UBC Theses and Dissertations
Conversion of subtilisin E to thiolsubtilisin by site-directed mutagenesis Chen, Lu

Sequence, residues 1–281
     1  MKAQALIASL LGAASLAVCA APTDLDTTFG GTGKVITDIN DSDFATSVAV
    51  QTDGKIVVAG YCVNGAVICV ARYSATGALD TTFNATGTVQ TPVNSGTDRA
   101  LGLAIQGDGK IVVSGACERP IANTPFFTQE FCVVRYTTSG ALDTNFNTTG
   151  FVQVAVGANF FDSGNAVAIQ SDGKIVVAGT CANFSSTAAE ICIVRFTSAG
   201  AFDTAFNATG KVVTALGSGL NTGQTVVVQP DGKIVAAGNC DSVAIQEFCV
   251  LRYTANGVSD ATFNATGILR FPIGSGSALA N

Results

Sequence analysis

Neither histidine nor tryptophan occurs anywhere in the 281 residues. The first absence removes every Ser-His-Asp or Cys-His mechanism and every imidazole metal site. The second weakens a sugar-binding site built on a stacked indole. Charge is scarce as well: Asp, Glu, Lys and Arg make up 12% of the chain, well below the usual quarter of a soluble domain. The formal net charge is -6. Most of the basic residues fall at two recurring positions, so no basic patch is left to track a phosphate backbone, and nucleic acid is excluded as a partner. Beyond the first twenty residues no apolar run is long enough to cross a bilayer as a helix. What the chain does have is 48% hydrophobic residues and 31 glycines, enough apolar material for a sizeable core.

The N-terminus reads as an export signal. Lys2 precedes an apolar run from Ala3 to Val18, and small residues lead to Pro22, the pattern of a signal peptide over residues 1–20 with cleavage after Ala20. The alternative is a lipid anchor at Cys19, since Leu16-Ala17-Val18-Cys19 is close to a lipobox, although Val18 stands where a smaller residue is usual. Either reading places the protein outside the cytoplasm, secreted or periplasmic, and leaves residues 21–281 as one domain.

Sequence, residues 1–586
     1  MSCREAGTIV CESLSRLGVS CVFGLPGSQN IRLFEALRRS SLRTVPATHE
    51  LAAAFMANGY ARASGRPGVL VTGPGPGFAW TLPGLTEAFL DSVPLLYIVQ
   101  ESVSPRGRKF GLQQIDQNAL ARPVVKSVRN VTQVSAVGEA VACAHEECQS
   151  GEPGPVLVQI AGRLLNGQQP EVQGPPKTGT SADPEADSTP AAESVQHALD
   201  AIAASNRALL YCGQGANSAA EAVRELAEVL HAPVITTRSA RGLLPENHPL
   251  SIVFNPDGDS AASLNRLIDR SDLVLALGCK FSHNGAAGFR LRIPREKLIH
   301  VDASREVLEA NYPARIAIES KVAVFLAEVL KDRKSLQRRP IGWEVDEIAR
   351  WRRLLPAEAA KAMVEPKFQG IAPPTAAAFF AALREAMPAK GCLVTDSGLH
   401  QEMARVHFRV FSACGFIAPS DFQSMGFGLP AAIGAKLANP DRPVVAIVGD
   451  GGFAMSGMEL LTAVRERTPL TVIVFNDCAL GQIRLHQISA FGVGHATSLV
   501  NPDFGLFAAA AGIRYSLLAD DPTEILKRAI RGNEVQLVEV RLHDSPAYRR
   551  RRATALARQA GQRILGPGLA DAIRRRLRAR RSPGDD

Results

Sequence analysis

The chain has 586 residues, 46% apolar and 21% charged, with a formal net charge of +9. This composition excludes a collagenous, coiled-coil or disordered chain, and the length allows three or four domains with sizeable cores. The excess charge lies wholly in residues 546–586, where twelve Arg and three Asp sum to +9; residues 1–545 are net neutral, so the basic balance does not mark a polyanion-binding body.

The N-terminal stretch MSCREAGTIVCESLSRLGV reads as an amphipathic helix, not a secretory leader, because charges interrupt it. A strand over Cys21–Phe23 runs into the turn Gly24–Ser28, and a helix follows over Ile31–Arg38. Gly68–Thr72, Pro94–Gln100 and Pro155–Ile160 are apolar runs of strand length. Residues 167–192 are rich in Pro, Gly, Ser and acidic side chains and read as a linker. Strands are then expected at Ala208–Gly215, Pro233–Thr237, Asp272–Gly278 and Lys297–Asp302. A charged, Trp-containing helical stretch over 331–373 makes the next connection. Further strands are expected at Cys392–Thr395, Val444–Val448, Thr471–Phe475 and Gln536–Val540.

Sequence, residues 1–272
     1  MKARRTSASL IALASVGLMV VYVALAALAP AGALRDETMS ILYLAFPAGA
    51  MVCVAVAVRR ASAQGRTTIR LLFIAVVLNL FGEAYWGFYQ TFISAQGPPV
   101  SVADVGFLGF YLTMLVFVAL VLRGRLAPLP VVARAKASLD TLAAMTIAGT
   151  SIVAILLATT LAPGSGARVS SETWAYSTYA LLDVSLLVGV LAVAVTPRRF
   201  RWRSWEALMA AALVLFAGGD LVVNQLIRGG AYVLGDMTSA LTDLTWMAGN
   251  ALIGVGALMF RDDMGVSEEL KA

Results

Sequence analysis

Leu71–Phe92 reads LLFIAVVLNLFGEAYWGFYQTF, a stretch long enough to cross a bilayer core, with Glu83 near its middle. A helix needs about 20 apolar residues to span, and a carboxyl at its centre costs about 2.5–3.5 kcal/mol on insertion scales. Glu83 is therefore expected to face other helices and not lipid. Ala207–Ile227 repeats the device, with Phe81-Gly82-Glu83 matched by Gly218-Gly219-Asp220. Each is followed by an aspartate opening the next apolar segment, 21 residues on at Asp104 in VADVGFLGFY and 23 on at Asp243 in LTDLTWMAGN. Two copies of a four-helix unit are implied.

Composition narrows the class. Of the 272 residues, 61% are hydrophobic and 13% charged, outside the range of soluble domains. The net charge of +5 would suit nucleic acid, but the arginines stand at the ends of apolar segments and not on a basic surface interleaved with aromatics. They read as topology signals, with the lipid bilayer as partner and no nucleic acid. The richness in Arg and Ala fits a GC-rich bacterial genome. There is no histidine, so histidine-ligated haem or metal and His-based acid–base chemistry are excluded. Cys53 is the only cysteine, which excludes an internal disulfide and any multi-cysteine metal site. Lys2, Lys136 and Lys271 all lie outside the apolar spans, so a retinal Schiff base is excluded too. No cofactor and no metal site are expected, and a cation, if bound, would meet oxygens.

This thesis presents a procedure of site specific mutagenesis of subtilisin E for reducing its proteolytic activity while retaining its ligase activity in peptide synthesis. A host-vector system was chosen to conduct the DNA manipulation and the gene expression. Subtilisin B gene (aprE) cloned on the plasmid DNA pAP65 was subcloned to a phagemid DNA pUC1 18 to facilitate KunkePs oligonucleotide directed mutagenesis. A new plasmid DNA pAP65D was developed from pAP65 and used to harbor subtilisin E gene and thiolsubtilisin gene. As a host cell, the B. subtilis DB428 strain, which is deficient in three major extracellular protease genes, was transformed with the plasmid DNA for expressing subtilisin E gene and thiolsubtilisin gene. By using this procedure, one of the catalytic active site residues on subtilisin E, serine 221, was replaced by a cysteine residue; thus a mutant product, thiolsubtilisin, was obtained. DNA sequencing confirmed both the subtilisin E gene on pAP65D8 and thiolsubtilisin gene on pAP65D8M. An improved transformation method with higher transformation efficiency was derived. The proteolytic activities of subtilisin E and thiolsubtilisin were compared. The B. subtilis transformants with pAP65D8 containing aprE and pAP65D8M containing thiolsubtilisin gene, developed halos around the colonies on skim milk agar plates. However, the halo produced by colonies with thiolsubtilisin gene was smaller than those with aprE. Subtiisin E and thiolsubtilisin secreted into the culture media were then subjected to a proteolytic activity assay. The proteolytic activity measurement, by using Succinyl-Ala-Ala-Pro-Phe-p-nitroanilide as a substrate, showed that the proteolytic activity of thiolsubtilisin was about 30% of that of subtiisin E, when culture supernatants were assayed. The ligase activity of subtilisin E and thiolsubtilisin was initially planned to be measured by using a solid phase detection method. However, the solid phase detection method failed in this case due to the fact that the enzymes react with the antibody used in the method. As a preliminary test, the ligase activities of subtilisin E and subtilisin Carlsberg were investigated. It was found that both enzymes can catalyze the formation of the dipeptide Z-L-Phe-Met-O-Me. HPLC was found to be able to detect such formation. Further study on the ligase activity of subtilisin B and thiolsubtilisin is suggested.